John Burridge writes science fiction, fantasy and horror. He is an active member and current co-chair of The Eugene Wordos, a professional writers’ workshop (http://www.wordos.com). He has a writer’s beard, IT job, and obligatory cats. He lives with his family in Eugene, Oregon. He is probably over-caffeinated. This is his third short story in “On The Premises.” You can read more about John at http://johnburridge.blogspot.com.
Dust to Smart Dust
by John Burridge
The entire extended family—even the ones from Sarah-station at Iapetus—wanted to see who would have the final word at Ruth-station: my Grandma Ruth, the high admin; or Grandpa Joe, the man who was running out on her. So we were hosting multiple events. I was the youngest person at Grandpa Joe’s ceremony in corridor eight, which suited me fine. It was better than being with some panting, pawing younger son at the singles’ party going on in the cargo bay. Mostly.
I reminded myself that old folks like vid-loops of waves sweeping over an endless expanse of sand, and that the one being projected on the corridor’s bulkhead was a symbolic representation of voyaging on the oceans of Earth, but it still made me want to check the station’s systems for a burst water line. At least the vid-loop made the repetitive expanse of metal and plastic look more interesting.
Mom assigned me the task of inventorying the gifts for Grandpa’s final voyage, or I would have watched the group dynamics from a short distance spinward. Instead, I stood in the middle of everything.
We’d slowed the station down to accommodate the older folks, but the weight at the station’s rim was still more than one G. I propped up my left arm so I could use my media bracelet to JPEG another voyage gift—a q-RAM card this time—as one of my smelly, older uncles posed with it for me.
I hadn’t expected the displays of manliness from the knot of uncles and male cousins clustered around the floor hatch to Grandpa’s escape pod. They wore sleeveless undersuits; some of them hadn’t seen the inside of a spacesuit in decades. Drumbeats, hand-claps, and men’s chanting echoed off the bare walls as they competed to see who could lower the most radiation shield bricks, tanks of water, and electronics through the hatch. In terms of ritual, it was typical man stuff. Grandpa’s brother, Grandbro Sam, officiated. He didn’t give a damn about family politics or their consequences. He embraced the whole male-mysteries-psychopomp role. I guess if my brother—if I had one—was flying off to become a part of the smart dust computing network accumulating at the sun’s heliopause, I’d want some official job to do, too.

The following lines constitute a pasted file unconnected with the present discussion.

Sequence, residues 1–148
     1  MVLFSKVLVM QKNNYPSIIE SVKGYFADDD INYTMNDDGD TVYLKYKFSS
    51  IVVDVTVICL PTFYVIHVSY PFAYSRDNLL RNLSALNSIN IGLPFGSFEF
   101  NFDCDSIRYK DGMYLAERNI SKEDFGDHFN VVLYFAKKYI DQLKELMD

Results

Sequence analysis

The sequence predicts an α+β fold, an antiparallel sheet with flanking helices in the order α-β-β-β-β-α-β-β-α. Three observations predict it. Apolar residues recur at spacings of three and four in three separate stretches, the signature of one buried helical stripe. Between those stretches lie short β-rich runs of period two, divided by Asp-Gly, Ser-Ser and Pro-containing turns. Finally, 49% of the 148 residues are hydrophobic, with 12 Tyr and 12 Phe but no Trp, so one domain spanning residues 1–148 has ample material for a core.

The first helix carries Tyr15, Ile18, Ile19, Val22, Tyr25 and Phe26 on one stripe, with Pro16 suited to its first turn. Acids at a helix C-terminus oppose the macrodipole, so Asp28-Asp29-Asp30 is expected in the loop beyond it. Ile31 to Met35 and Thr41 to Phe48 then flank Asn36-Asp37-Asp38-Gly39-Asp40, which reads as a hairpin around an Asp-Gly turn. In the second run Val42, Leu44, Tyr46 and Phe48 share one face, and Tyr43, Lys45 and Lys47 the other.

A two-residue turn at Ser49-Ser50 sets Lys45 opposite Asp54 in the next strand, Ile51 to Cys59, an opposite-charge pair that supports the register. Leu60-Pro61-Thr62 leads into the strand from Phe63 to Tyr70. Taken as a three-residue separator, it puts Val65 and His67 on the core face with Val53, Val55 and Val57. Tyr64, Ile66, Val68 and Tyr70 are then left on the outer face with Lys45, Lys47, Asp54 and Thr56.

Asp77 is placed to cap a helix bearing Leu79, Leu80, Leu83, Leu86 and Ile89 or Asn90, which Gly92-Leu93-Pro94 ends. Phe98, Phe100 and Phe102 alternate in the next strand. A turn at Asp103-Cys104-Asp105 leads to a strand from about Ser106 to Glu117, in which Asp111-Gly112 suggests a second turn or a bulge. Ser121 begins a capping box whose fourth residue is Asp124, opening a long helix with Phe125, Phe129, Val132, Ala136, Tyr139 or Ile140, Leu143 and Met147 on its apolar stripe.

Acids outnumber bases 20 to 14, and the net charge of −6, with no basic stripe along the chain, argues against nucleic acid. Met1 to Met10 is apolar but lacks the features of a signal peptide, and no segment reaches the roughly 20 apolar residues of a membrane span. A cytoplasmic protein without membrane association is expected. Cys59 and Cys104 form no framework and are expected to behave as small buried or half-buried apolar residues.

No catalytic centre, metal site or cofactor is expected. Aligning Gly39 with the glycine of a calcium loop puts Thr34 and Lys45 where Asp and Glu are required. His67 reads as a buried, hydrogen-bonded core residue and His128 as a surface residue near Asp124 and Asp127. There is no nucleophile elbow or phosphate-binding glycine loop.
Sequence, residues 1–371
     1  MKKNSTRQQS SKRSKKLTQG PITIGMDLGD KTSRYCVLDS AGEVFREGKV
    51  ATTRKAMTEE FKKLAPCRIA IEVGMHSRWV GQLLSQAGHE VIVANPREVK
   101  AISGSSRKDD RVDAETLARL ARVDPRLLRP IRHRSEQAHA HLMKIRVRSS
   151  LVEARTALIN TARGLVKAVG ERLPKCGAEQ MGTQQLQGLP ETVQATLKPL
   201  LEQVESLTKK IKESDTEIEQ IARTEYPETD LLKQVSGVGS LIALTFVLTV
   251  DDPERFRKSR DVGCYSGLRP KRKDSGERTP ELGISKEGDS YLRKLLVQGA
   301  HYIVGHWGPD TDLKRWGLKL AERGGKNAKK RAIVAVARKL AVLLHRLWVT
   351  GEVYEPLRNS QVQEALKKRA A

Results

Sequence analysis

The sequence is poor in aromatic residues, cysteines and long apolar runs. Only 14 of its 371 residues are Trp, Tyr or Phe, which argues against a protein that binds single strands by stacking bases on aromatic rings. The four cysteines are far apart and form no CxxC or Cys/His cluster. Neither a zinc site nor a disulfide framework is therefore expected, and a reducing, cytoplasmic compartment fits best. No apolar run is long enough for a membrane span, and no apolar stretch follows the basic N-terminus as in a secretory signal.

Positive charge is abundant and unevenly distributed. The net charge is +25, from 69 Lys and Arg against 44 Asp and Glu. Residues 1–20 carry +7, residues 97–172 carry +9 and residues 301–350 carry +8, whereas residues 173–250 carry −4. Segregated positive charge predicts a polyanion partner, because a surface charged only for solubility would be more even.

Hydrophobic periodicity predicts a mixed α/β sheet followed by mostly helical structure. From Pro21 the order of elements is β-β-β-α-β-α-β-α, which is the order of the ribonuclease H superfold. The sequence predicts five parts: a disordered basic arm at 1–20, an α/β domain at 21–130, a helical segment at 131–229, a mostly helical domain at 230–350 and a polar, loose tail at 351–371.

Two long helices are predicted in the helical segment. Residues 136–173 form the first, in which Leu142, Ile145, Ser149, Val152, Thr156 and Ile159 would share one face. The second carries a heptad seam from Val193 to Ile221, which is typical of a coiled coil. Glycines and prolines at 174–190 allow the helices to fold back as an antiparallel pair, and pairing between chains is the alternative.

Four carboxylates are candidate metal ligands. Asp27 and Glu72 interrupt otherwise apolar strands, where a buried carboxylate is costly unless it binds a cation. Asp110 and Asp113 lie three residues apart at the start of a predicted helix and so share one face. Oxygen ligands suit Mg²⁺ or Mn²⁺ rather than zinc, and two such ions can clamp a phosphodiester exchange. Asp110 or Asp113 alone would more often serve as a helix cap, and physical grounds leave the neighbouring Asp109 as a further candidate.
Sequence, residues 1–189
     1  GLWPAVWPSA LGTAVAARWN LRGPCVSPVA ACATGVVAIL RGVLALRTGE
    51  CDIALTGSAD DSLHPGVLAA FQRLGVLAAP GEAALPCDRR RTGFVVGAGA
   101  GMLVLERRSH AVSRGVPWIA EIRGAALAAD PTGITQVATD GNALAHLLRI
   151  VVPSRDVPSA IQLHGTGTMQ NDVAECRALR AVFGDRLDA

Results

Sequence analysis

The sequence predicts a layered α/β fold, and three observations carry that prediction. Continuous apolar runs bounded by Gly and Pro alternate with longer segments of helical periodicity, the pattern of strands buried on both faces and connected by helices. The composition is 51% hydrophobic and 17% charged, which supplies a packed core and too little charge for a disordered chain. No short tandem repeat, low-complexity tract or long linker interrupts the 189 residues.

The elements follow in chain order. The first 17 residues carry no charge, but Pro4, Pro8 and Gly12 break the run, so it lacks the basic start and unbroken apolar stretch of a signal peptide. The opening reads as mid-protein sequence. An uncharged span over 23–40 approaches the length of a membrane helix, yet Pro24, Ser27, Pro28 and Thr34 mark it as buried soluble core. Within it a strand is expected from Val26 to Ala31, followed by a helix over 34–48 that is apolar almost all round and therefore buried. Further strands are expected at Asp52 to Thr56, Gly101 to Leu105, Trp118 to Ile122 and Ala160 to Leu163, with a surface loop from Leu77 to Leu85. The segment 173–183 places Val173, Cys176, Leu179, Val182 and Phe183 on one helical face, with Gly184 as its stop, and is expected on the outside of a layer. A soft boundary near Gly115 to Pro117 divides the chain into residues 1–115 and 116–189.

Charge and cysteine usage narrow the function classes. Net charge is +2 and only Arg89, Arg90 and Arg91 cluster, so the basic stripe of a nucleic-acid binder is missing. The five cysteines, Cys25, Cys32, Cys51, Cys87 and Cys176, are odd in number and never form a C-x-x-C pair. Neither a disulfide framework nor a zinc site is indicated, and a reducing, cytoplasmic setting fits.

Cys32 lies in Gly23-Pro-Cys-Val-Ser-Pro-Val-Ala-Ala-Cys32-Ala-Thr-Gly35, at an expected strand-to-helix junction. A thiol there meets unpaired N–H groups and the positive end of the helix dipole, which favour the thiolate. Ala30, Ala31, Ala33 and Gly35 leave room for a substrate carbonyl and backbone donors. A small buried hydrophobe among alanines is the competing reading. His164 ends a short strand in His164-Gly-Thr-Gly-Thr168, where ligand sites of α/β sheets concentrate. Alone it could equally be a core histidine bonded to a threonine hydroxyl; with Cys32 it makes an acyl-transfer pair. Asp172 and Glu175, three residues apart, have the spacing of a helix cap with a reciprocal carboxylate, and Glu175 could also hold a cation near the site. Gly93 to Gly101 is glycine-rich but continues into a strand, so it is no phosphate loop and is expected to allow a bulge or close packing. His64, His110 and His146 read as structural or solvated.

It’s a men’s mystery exactly what they did so Grandpa would survive the trip to the Oort Cloud. Traditionally, only his wife or partnered men are allowed inside an elder’s final pod. Presumably they fitted Grandpa’s naked body with bio-tech.
In an arc behind me, a gaggle of chatting aunts and older female cousins flitted between tables loaded with bacon seaweed snacks, various melons, deviled eggs, and a fortune in lemonade. Judging by some of the little smiles on their faces, my aunts appreciated all the arm flexing and weight lifting. At least Dad hadn’t grunted or anything when he’d presented his ten liters of water.
Dealing with my entire extended family was easier when I thought of them as subjects in a sociology practicum field study. The trick was to look for what they weren’t saying. Some of the family saw the final-voyage-ceremony-disguised-as-a-birthday-party as a great excuse for flirting and presenting eligible sons and nubile daughters. But the question nobody wanted to ask out loud was whether my Grandmother Ruth, high admin of Ruth-station, would appear and issue the codes needed to launch Grandpa’s escape pod.
The men’s chant ended. The last echos of the drums faded and still Grandma had not appeared. Grandpa’s menfolk watched Grandbro Sam for what would come next.